Discovering Fragile X Syndrome

I feel like most of us could all tell similar tales of when we found out about our children’s diagnoses.

Some of us were thrown for a loop, others were somewhat grateful to finally have answers, and some of us knew there was something there from day one.

Maybe you were like me and were somewhere in the middle.

There are some things I look back on from the day my oldest was born and remember thinking something seemed different, and then there were the thousands of times I told myself, and my husband, and family, and even Caleb’s therapists who all agreed,  that I didn’t think he had autism.

Some could say I was in denial.

Well, he’s 3 years old now, and we were all kind of right. He doesn’t have autism.

Fragile X Syndrome

He has quite a few traits associated with autism, but he and his younger brother, Benjamin, have fragile x syndrome.

I, like many others in the fragile x community, had never heard of fragile x syndrome before genetic testing.

I learned about it when we brought Caleb in for genetic testing when he was just barely 2 because we weren’t getting any answers for his delays.

A developmental pediatrician who gave Caleb a provisional autism diagnosis recommended the testing, and we followed through with it. I was told they would be testing for fragile x syndrome along with a few other possibilities.

I didn’t even bother to learn about fragile x while waiting to hear back on the testing.

I looked up information on it, and when I saw the phrase “formerly referred to as mental retardation” for the descriptor of the changes that occur in the FMR1 gene and causes fragile x, I shut down.

I mean I literally shut down and turned off the computer.

I would not read any further, that was not my son, he is smart, and beautiful, and wonderful; he could not have that.

This was the first major indicator of just how ignorant I was about fragile x syndrome. You see, that label is the name of a gene and that’s all it is.

The scientific name of a gene can’t change I’ve learned, but people can. I watch my boys grow and change everyday.

I just have to watch a little more closely and learn to listen with more than my ears.

Once we found out about Caleb’s diagnosis, we knew we had to get our younger son, Benjamin, tested for fragile x syndrome too.

I now knew I was a fragile x carrier and that meant Ben would have a 50% chance of having fragile x syndrome as well. I was much more in denial about Ben having it.

Ben was so happy to go with anyone who smiled at him and wanted to hold him. Ben was taking naps, I was sure he didn’t have it.

But again, I was ignorant and thought that kids with fragile x syndrome would be so similar.

My boys have a lot of similarities, including both having fxs, but they’re two different kids and just like the saying goes for autism: if you’ve met one person with fragile x syndrome, you’ve met one person with fragile x syndrome.

Discovering Fragile X

Fragile x syndrome is a spectrum, and I’ll admit there was a small part of me that wanted to tell the world Caleb had autism when we first found out. Why? Because it seemed easier than answering the follow up question we get in the fx community all the time which is “What’s that?”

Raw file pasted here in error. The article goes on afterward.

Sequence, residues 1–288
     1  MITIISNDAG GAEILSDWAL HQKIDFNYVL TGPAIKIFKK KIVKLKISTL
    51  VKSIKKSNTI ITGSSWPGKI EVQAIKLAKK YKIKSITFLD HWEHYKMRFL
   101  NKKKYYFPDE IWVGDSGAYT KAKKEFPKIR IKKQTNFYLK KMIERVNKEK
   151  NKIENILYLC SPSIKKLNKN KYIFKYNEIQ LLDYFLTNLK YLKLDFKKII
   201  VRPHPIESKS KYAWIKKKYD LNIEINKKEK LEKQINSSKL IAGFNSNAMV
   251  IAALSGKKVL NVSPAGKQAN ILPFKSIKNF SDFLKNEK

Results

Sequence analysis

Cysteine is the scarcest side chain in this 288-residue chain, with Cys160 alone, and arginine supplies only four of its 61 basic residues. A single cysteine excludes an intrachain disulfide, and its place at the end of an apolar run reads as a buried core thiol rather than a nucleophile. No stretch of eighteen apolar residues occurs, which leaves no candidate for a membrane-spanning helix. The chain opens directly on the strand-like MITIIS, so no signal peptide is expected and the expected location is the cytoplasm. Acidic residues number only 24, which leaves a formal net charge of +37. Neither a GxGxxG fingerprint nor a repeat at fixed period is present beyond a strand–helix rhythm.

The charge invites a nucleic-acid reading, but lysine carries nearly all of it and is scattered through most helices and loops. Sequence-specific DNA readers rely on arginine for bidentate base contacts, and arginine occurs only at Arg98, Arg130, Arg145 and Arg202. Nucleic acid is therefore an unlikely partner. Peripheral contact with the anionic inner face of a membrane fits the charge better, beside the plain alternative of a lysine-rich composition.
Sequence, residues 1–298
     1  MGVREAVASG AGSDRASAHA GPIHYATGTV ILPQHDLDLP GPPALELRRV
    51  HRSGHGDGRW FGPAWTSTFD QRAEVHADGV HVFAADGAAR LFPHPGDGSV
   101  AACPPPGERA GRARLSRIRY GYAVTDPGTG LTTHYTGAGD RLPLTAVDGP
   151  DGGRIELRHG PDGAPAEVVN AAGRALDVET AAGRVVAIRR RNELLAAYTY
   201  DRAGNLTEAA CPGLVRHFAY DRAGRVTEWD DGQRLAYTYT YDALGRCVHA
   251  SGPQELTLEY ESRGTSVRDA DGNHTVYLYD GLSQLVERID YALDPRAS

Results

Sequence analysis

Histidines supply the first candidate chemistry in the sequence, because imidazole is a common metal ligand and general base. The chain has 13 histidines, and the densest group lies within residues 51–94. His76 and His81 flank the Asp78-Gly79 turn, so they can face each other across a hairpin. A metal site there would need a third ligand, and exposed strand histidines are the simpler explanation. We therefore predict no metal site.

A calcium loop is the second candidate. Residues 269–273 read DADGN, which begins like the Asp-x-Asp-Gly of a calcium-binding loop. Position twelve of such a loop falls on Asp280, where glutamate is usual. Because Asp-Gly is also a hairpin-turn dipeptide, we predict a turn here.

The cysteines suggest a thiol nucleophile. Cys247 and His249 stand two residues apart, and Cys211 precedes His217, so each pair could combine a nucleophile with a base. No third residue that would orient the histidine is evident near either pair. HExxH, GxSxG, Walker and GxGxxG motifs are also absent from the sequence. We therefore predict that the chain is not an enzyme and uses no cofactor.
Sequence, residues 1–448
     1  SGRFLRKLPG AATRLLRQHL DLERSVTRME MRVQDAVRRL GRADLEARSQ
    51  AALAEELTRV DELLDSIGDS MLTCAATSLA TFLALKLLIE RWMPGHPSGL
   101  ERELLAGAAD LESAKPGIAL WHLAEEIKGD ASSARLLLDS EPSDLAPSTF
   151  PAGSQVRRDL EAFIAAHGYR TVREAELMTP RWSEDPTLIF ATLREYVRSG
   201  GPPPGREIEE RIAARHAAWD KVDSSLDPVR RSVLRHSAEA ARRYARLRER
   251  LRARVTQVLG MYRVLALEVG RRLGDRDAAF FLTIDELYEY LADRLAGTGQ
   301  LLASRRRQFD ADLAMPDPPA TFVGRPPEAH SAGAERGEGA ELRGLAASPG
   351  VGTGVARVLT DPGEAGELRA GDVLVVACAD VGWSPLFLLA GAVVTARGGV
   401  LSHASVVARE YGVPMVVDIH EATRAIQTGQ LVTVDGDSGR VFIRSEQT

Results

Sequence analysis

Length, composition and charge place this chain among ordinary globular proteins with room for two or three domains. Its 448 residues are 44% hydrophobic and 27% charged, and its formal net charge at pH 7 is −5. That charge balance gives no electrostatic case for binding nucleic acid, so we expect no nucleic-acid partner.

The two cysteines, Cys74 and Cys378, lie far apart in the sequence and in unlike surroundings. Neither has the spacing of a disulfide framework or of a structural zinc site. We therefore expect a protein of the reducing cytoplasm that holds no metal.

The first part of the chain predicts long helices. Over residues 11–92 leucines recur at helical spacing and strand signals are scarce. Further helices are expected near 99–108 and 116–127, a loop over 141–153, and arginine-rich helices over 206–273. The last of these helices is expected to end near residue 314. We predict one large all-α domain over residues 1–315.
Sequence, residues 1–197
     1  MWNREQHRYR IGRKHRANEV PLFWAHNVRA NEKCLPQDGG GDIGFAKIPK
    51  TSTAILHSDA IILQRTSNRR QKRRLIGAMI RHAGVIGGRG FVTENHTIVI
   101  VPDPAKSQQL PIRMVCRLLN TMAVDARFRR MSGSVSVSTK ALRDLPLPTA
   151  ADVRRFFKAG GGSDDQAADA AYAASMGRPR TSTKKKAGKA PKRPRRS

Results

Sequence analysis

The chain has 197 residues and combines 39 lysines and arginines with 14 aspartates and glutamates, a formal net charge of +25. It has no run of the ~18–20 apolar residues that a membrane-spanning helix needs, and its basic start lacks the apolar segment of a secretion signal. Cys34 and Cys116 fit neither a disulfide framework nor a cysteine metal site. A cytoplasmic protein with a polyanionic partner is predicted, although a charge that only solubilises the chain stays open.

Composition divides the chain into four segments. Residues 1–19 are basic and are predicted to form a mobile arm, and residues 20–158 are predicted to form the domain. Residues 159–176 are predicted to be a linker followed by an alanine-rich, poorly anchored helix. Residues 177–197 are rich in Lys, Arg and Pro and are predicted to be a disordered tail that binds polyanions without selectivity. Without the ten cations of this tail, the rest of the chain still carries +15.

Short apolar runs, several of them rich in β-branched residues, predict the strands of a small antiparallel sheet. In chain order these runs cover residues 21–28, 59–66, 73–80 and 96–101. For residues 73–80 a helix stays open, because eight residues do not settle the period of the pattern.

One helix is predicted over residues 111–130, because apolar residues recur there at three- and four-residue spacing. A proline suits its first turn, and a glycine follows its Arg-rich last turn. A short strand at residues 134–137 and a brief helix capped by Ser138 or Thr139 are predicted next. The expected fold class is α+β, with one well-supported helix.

Yes, fragile x syndrome is not super common “the agreed upon prevalence of FXS in males is approximately 1 in 3,600 to 4,000 and in females is approximately 1 in 4,000 to 6,000” but I know this number would be higher if more people in the special needs community went through with genetic testing.

I know there are many reasons people don’t want to or can’t find the means to, but if you can, I ask you to consider genetic testing.

Talk to the doctors and therapists in your children’s lives about their thoughts on it.

Yes, having a genetic diagnosis won’t change your child, and it might come back inconclusive, but genetic testing is what helps more people become aware of syndromes like fragile x, and it allows doctors to conduct research that can help people with disabilities in so many ways.

Discovering fragile x has largely been beneficial for my family when I take a step back to look at our lives now.

We now are starting to understand the science behind our boys’ diagnosis.

As heartbreaking as it was to find out about our younger son, we did not have to go through the sadness, the worry, and the contemplating over why he wasn’t meeting every milestone, and he’s been able to get services sooner.

And finally, finding out about fragile x has brought us to a group of amazing individuals in the online fragile x community.

It is a group filled with parents, siblings, caregivers, doctors, and advocates who have all welcomed us to the family, lifted us up when we needed it, and shown us that the future of having two beautiful boys with fragile x syndrome can be pretty amazing if we just slow down to notice.

Written by, Carol Williams

My name is Carol Williams, and I am a mom to two beautiful boys with fragile x syndrome. I am also a wife and a teacher. I am hoping to express some of the overwhelming emotions of this special needs journey we’re on through my writing. I also want to raise awareness about fragile x syndrome in order to help make the world more accepting of kids like mine. You can follow our story on my website

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Finding Cooper's Voice is a safe, humorous, caring and honest place where you can celebrate the unique challenges of parenting a special needs child. Because you're never alone in the struggles you face. And once you find your people, your allies, your village....all the challenges and struggles will seem just a little bit easier. Welcome to my page!


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When my son was first diagnosed with autism no one was talking about it. Autism was hidden. I vow to change that.

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